Thoughts on food

18 Apr

We live in a world where fast foods are the norm. I understand that parents work long hours and that getting food from the fast food outlet is convenient. But … we know today so much more about the effect of food on the long term health of our children. In fact, we are only now beginning to understand the importance of food in the development of independence.

Research tells us that babies can, as soon as they can sit on their own, be offered finger food that they can eat by choosing and taking from what they are offered. This research tells us that these babies grow up to be children who eat almost everything, and even more important, they grow up to be lean and do not have a fixation on fatty, sweet foods.

We should encourage babies and toddlers from a fairly young age (6 months to 9 months) to be independent. Feeding them mashed food and even worse, force feeding babies and toddlers, only create eating problems. Most parents have a fear that their child will not eat enough and will starve. Many parents, when children seem to be picky eaters, will entice the babies and toddlers with cookies and sweets, thinking that something is better than nothing.

I remember many years ago when I was a student in child psychology, we read about the experiment where two 9 month old babies were observed in terms of their eating. The one could choose what to eat from a plate of food presented to him. The other one were fed a “balanced” diet for almost a year. The outcome? The baby that could choose was in a better physical health than the one that ate what the researchers decided he should eat.

Young children’s eating patterns change with their growth patterns. Usually we think of growth and development as a steady increase in weight, length and abilities. This is not so. The growth and development of young children are often  compared to the waves at the sea. Waves come and go, with no steady rhythm. Sometimes a really big wave comes and sometimes small ones. We know that there are certain growth spurts in young children, just as there are times when growth is slow. An interesting fact is that growth is never localised. Everything grows and we see that times of rapid brain growth are often times where children also grow physically.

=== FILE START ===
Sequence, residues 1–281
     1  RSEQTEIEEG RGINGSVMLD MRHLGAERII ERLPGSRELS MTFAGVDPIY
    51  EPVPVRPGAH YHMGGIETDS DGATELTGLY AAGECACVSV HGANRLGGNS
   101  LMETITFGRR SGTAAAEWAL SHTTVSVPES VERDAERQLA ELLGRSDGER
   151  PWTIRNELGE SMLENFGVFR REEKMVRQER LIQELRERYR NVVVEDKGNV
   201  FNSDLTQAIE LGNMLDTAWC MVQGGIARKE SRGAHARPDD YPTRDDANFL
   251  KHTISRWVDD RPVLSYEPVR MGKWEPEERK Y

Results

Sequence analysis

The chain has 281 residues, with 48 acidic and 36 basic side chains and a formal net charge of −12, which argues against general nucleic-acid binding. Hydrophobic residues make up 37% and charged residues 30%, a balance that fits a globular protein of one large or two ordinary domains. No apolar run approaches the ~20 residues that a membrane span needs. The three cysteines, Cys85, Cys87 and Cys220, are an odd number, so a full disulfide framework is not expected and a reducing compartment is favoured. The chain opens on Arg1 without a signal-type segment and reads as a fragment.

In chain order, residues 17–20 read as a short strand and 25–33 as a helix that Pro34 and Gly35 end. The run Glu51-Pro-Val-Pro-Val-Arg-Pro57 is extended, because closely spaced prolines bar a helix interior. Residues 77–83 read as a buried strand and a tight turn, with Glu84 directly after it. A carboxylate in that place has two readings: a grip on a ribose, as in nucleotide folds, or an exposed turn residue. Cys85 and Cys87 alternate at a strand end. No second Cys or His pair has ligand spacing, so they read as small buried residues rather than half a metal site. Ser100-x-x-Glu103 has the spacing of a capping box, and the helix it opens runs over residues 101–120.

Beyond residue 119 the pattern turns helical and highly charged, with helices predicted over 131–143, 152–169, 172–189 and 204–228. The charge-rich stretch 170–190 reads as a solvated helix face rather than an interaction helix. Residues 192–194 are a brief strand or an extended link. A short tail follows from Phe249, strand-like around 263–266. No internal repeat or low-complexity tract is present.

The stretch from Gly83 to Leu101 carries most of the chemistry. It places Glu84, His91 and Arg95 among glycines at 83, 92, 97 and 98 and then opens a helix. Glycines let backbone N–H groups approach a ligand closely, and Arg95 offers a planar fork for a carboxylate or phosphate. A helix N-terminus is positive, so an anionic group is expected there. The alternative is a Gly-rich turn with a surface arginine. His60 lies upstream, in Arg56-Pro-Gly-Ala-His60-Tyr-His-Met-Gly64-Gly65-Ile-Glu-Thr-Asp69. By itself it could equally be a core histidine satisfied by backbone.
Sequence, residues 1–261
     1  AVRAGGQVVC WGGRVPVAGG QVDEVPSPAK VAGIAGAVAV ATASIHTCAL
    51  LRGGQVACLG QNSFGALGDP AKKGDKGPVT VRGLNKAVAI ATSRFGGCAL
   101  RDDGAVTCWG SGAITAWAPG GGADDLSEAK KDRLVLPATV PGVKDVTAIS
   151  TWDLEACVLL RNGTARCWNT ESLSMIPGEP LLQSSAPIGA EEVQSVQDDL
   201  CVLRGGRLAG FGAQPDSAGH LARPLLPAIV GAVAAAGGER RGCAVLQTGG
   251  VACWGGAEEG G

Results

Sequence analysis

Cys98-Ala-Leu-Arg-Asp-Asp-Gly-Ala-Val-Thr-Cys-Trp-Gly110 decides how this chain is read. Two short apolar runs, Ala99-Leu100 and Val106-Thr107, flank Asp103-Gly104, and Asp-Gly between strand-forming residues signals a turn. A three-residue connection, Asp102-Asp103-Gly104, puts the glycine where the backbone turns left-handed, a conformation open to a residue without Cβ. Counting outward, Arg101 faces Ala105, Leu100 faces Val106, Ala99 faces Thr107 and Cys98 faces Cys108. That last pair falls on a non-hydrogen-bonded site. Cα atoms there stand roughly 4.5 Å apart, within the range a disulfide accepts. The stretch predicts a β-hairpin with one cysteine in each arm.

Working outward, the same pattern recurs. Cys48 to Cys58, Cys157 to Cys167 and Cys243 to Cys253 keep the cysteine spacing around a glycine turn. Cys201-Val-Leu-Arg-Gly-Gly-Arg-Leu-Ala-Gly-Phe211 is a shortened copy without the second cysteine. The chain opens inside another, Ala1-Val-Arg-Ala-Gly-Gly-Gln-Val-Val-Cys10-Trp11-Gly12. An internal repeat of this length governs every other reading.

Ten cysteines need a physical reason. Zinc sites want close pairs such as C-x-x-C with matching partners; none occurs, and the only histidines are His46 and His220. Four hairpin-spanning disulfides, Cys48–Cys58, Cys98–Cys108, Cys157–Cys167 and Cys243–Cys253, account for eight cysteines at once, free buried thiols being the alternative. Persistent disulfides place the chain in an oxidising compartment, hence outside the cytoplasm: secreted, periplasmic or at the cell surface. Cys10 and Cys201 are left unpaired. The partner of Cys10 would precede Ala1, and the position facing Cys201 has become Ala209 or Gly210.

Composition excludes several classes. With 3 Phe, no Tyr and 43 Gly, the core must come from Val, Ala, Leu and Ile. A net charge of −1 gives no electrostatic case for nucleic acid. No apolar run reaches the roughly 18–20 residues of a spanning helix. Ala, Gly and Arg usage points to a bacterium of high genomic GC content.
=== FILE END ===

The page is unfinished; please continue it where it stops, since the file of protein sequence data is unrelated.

The answer to the ubiquitous fast food? Prepare food over the weekend and store it in the freezer. Make cooking something that the whole family participate in. Make use of fresh raw vegetables and fruit. Use less butter and margarine. Be inventive – substitute butter or margarine on your bread with humus. Remember that young children do need meat, although recently researchers have been recommending that red meat should be eaten less than 3 times a week. If you are a vegetarian, I am afraid you will have to wait before trying to convert them to be vegetarians. Always offer a variety of food. Remember you are also exposing the brain to different textures, tastes and different types of food.

Please do not keep babies and toddlers on commercial smooth food because it is easy “and he/she does not want to eat anything else”. You are not doing yourself or your child a favour. After all, we are what we eat!


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